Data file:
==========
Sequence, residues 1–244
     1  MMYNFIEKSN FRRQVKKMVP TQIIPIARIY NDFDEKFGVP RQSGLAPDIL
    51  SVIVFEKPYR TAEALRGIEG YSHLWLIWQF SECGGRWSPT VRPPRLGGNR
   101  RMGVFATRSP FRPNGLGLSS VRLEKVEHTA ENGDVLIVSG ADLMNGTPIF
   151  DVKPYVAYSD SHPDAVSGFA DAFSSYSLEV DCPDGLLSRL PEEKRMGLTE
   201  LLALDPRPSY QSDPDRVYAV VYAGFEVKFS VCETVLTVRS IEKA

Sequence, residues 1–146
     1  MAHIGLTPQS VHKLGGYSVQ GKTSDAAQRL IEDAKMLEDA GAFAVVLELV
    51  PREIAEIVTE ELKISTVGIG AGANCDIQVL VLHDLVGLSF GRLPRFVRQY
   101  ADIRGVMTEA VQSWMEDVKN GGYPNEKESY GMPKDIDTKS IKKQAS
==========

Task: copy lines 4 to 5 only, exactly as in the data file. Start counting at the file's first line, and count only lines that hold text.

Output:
   101  RMGVFATRSP FRPNGLGLSS VRLEKVEHTA ENGDVLIVSG ADLMNGTPIF
   151  DVKPYVAYSD SHPDAVSGFA DAFSSYSLEV DCPDGLLSRL PEEKRMGLTE